More impressive toiling

Apr
28

Our slaves labouring in the fertile swamps of work experience continue to produce laudable results. Stories I have spotted so far include; this published work by Sara Malm, this by  Harriet Robinson, this by Joe Cladingboel   several stories, including this one, by Dean Kilpatrick, this by Sarah Wilson    a fine guide to what's on in Kent by Alex Dack  and others mentioned below. I'm sure there must be many other examples. Please link to them, folks. No need to be shy. Every published piece enhances your credibility with potential employers. Your work deserves to be promoted.  

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The right-wing press won't decide this election. You will.

Apr
25

In this excellent piece in today's Independent on Sunday, Brian Cathcart, professor of journalism at Kingston University, is caustic in his criticism of the coverage of right-wing newspapers over the past week.

As Nick Clegg's surge in the polls continued to prove anything but fleeting, 'like children in a tantrum, reporters and commentators reached for every movable object and hurled it at Clegg and his party', he writes.

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Work experience triumphs

Apr
23

I have seen Sophie Jackson's excellent exclusive for the Gravesend Messenger and Melanie Wimmer's impressive contributions to the Medway Messenger. I have also seen Jonathan Stone's fine work for Kent Online and Dan May's equally excellent efforts for the Kent Messenger. I am sure several other fine examples of published work by CforJ undergraduates have emerged from the work placements. Please put links on the site, folks. You deserve recognition and we celebrate your successes. They demonstrate what a diligent, determined and talented bunch our students are (usually!).  

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History rhymes

Apr
23

David Marquand's essay for the Independent, When Three was a crowd, compares the manner in which Ramsay MacDonald's Labour Party replaced Herbert Asquith's Liberals as the main party of opposition during the 1924 election with Nick Clegg's approach today. It is superb history and demonstrates yet again the subject's immense value to journalism. Read and appreciate.  

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The first election debate

Apr
21

With the world of news whipping up excitement for tomorrow’s Leaders’ Debate - and in case you accidentally missed the first one - I thought you could do with a quick summary/reminder of what happened.

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Bush administration knew 'majority' held in Gitmo were innocent, but wouldn't release them as it was 'politically impossible'

Apr
10

Bush, Cheney and Rumsfeld covered up the fact that hundreds of those held in Guantanamo were known to be innocent, reports the Times, "because they feared that releasing them would harm the push for war in Iraq and the broader War on Terror". This comes from a court declaration by an aide to Colin Powell, Lawrence WIlkerson. The Times quotes Wilkerson saying of Cheney: "He had absolutely no concern that the vast majority of Guantanamo detainees were innocent...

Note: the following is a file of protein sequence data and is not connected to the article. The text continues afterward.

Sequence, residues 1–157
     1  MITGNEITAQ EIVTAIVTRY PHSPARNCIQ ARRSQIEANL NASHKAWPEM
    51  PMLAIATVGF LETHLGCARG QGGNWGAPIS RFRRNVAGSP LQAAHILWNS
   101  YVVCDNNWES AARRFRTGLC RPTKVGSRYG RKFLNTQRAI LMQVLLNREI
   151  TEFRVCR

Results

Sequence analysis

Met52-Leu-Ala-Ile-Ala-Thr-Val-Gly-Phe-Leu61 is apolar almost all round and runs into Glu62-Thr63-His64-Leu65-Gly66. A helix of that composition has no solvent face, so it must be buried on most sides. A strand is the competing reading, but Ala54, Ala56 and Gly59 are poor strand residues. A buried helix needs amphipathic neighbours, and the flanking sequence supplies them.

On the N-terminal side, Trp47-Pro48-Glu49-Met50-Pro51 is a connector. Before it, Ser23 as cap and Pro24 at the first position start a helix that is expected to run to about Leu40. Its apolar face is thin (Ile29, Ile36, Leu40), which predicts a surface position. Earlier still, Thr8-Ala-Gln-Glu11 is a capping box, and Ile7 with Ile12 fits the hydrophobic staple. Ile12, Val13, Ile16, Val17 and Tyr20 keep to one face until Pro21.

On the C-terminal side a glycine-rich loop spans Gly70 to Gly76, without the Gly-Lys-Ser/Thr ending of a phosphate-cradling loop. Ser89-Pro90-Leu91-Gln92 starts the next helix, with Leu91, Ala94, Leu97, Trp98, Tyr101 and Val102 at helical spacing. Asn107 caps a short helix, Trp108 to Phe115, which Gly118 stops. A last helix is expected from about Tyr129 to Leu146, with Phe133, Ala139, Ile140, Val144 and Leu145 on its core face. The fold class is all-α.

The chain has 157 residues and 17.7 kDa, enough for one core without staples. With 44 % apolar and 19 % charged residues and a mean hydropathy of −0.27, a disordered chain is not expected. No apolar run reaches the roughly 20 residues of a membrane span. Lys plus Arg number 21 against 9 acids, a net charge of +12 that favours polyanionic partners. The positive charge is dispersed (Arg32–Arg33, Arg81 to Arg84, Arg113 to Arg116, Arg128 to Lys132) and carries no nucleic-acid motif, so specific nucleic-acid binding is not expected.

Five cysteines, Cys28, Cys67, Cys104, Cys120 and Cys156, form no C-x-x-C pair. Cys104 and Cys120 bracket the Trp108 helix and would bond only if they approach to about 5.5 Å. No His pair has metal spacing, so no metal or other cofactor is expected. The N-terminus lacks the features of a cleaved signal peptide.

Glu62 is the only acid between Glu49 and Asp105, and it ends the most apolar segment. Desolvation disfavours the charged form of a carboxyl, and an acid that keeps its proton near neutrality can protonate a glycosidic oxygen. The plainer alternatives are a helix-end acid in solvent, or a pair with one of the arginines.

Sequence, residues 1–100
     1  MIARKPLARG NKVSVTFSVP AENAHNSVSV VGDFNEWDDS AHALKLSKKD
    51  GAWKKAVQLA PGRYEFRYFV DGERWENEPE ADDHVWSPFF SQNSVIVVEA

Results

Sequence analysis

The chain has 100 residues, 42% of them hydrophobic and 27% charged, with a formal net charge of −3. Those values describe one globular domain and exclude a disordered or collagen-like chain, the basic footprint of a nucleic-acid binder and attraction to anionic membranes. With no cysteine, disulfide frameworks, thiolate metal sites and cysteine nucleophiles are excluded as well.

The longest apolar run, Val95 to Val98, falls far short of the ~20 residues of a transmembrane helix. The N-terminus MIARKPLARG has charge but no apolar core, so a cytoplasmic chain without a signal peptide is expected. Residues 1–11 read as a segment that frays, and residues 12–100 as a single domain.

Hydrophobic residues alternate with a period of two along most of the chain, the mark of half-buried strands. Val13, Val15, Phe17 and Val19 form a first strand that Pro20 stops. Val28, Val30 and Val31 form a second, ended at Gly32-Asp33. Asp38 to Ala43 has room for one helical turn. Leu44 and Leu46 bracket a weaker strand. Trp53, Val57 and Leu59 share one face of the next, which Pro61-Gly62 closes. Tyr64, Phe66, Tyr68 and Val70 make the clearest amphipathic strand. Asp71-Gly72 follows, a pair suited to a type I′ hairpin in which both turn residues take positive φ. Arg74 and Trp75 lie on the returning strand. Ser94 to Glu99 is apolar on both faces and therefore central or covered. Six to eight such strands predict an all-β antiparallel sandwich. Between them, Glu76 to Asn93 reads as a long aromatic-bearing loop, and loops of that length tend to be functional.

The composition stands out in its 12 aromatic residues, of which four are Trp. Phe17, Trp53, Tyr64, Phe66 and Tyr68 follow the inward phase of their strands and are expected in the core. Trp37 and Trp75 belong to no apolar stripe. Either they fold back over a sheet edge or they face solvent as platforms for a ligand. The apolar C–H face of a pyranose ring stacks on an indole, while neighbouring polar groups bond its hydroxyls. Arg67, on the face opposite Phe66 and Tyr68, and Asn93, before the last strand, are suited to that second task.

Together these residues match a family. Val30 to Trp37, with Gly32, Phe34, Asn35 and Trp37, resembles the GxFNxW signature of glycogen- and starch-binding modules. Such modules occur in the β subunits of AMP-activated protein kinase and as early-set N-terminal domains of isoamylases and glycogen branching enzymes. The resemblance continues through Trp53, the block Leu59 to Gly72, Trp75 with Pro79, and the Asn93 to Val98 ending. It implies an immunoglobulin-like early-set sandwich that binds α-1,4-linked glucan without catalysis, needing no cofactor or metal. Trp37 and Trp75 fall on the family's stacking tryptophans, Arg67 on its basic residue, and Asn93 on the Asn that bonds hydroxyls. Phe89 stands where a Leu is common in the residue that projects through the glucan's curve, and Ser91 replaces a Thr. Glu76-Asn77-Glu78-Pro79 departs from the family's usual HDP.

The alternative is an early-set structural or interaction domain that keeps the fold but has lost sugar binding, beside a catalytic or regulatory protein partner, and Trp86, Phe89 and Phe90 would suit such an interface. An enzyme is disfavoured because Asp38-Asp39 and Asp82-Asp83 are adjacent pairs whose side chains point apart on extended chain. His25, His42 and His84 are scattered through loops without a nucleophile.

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Travel Writing Competition: results will be announced in the newsroom, 1.00pm Friday

Apr
08

Due to the newsday cancellation, the results of the Year two travel writing competition will be announced in the newsroom, at 1.00pm on Friday.

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Disgraceful end to a discredited parliament?

Apr
05

 Writing in Media Guardian, John Kampfner, chief executive of Index on Censorship, draws attention to the efforts a few obdurate MPs are making to obstruct the modest reform of libel law proposed, belatedly, by Jack Straw, the justice secretary.

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Garlic and terrorism

Apr
03

 Luke Harding's piece on the front page of today's Guardian is public service journalism at its best. It does not attempt to justify the suicide bombings in Moscow last week that killed 40 people and injured 70. That would be monstrous.  Rather, by diligently explaining the murder by Russian security forces of four garlic pickers on the border between Chechnya and Ingushetia (including 17 year old Movsar Dakaev, pictured), it begins to reveal a small part of the cycle of savagery, repression and revenge by which the seeds of violent separatism are so often nurtured.

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Sun fooled by students?

Apr
02

The April Fool's spoof in the Cambridge Tab reported that university authorities have decided to strip Nick Griffin, leader of the BNP,  of his degree (2:2 Law, Downing College, 1980). It was pure invention, but The Sun appears not to have checked.A headline on P43 of this morning's printed edition asserts, under an 'exclusive' tag, "Cambridge to strip BNP boss of degree - Uni snub for vile Griffin."  Whoops.

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